On the second day, I attended a workshop led by Mike Anderson, who is an Instructional Technology consultant currently based in the U.S. Using much of the same approach we chose to use at AES during our Design and Build challenge night, Mike shared a goal with us, which was to build a water rocket. He, then, shared an outline of the process, showed us a counter packed with resources, had us form groups, and set us off to it.   Our group got to work right away. First move? Google it. None of us had any idea of what a water rocket even looked like! And, thus, with a handy visual in mind, we started engineering our rocket.   Findings: after much discussion over weight, thrust, lift and drag, we decided two pet bottles would do the work better than one. We cut the bottom off of one and attached them with the mouth side facing opposite directions. We used tape to stick them together and created fins out of a file folder. As we were nearing completion, someone decided it needed a bit of decoration because “we’re all Elementary teachers, after all!”. Using a glue gun, one of my group mates stuck a little pink heart to the bottle, and we all proudly carried it to the soccer field, where we were to find the pump and launcher.

We hook it to the launcher, pump it long and hard, and…fail. That little decorative heart of ours has poked a hole in the bottle. Bummer! We run back, stick a bunch of tape on top of it, and try again. Fail! The hole still allows air to escape, so there never is enough pressure to launch it. Ok, designers keep trying! We replace the bottle with the hole and excitedly run back to the launcher, only to find our design was what was preventing the success of our launching. We should have placed the top part of a pet bottle on top of the bottom one, and not cut it off like we did. At least, that’s what helped the other groups launch theirs.

Although there was no more time for exploration and we all needed to head back to the room so we could reflect on the process, we felt like this was a fun use of our time, where we were all actively engaged in trying out something new. The experience has led me to discuss the possibilities with our curriculum coordinator, so we can acquire the resources to repeat the lesson with our ES students. It promises to be a popular one here at AES! Most important lesson learned? Sometimes, decoration gets in the way of learning! : )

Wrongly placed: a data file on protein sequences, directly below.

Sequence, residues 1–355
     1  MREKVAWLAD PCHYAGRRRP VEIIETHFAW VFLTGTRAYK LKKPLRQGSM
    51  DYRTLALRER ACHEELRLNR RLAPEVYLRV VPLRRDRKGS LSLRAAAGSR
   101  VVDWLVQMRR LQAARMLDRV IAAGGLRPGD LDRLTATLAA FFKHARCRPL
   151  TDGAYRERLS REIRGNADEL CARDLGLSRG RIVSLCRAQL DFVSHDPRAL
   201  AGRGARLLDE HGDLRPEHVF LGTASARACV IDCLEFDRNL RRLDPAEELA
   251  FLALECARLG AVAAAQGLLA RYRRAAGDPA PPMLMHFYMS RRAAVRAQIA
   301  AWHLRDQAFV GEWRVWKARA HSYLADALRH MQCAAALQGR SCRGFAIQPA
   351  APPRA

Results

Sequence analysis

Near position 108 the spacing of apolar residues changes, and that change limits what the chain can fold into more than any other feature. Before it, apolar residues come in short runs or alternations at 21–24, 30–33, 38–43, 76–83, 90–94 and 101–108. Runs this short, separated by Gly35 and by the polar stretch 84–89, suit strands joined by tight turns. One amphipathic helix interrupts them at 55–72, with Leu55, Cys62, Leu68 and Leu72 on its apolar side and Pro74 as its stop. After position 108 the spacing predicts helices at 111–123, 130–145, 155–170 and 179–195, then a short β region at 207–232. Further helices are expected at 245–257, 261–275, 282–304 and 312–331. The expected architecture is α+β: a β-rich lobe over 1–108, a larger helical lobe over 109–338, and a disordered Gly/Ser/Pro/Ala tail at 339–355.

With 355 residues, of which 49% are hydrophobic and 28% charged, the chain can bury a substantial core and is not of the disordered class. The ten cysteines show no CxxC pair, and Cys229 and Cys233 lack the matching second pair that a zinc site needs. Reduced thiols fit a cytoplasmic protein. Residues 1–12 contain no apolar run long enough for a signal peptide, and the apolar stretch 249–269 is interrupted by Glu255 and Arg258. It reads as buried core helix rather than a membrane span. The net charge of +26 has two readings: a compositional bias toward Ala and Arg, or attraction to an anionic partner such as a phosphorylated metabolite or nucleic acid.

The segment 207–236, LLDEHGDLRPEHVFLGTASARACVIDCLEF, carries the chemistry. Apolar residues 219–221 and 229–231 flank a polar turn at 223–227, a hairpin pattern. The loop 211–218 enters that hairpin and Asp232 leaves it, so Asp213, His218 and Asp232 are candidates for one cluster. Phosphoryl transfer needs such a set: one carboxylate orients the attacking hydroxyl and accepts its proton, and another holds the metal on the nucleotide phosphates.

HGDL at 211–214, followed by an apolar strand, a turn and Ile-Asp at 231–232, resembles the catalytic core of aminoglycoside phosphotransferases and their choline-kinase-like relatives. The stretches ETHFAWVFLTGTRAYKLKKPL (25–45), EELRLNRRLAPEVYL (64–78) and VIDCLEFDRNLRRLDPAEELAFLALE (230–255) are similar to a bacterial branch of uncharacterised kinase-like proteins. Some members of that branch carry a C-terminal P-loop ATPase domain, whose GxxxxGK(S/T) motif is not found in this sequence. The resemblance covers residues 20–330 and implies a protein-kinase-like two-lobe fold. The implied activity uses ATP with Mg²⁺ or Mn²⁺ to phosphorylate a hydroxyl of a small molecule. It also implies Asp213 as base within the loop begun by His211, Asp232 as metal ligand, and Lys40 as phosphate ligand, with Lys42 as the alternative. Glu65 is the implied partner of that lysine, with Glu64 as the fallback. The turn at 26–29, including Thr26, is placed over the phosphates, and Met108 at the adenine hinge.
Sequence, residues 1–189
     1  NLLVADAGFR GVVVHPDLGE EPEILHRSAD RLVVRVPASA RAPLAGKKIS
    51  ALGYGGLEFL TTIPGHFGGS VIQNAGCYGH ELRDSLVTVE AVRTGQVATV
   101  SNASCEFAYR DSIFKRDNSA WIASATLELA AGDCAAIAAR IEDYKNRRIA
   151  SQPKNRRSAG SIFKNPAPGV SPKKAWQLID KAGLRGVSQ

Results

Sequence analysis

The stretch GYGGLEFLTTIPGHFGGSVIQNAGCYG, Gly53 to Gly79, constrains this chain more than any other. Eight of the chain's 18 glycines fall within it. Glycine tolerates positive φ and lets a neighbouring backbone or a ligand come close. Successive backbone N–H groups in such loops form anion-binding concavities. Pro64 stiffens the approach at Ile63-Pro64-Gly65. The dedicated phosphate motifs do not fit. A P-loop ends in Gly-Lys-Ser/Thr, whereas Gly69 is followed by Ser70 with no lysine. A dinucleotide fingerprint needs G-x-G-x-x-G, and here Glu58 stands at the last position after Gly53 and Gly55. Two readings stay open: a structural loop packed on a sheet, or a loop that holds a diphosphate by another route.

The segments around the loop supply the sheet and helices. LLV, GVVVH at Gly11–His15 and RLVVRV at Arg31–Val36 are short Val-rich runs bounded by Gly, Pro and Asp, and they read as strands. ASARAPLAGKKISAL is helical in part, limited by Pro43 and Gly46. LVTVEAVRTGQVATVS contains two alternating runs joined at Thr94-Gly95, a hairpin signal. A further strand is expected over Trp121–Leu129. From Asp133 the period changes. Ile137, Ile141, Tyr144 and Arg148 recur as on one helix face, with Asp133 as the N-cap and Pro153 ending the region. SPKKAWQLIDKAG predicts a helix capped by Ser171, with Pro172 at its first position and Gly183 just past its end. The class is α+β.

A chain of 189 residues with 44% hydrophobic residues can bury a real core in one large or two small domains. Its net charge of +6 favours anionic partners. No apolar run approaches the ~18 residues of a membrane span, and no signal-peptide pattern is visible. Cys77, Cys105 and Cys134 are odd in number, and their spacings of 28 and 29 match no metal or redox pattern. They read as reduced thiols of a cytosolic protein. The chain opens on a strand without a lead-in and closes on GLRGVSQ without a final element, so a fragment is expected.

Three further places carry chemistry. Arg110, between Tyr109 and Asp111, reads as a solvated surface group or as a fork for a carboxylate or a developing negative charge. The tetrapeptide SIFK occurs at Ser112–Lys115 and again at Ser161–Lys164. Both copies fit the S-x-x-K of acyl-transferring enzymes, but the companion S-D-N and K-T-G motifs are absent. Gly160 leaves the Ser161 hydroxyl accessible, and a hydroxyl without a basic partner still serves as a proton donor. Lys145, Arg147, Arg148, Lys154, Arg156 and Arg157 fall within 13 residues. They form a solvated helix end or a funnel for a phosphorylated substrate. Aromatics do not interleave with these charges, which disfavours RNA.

Genius Hour: Giving Students Back 20% of Their Time

The international teaching couple Alisha Feitosa and Kley Feitosa led a workshop on the ways in which they’ve made use of choice time in their classes. After introducing the concept to a full classroom, they specifically shared how they’ve managed to allow their students to explore their passions. The most interesting part, in my opinion? Alisha is an IB Writing teacher and Kley, an IB Physics teacher.

We understand the time constraints and different pushes that High School teachers have, so much so that pushing for choice time in that division is always slightly subdued. However, what these two teachers have done with their classrooms sheds a light on the possibilities that come from innovating our practices and allowing students to pursue their passions.

Alisha, for example, implemented what she calls a “Free For All Friday” program. On Fridays, students are allowed to write about anything, anything they are interested in, or care to research on. All students need to do, in order for the occasional teacher check in, is fill out a form that quickly covers the topic and where she will be able to find it. So that students can be held accountable, they need to present a piece chosen by them to class once a month.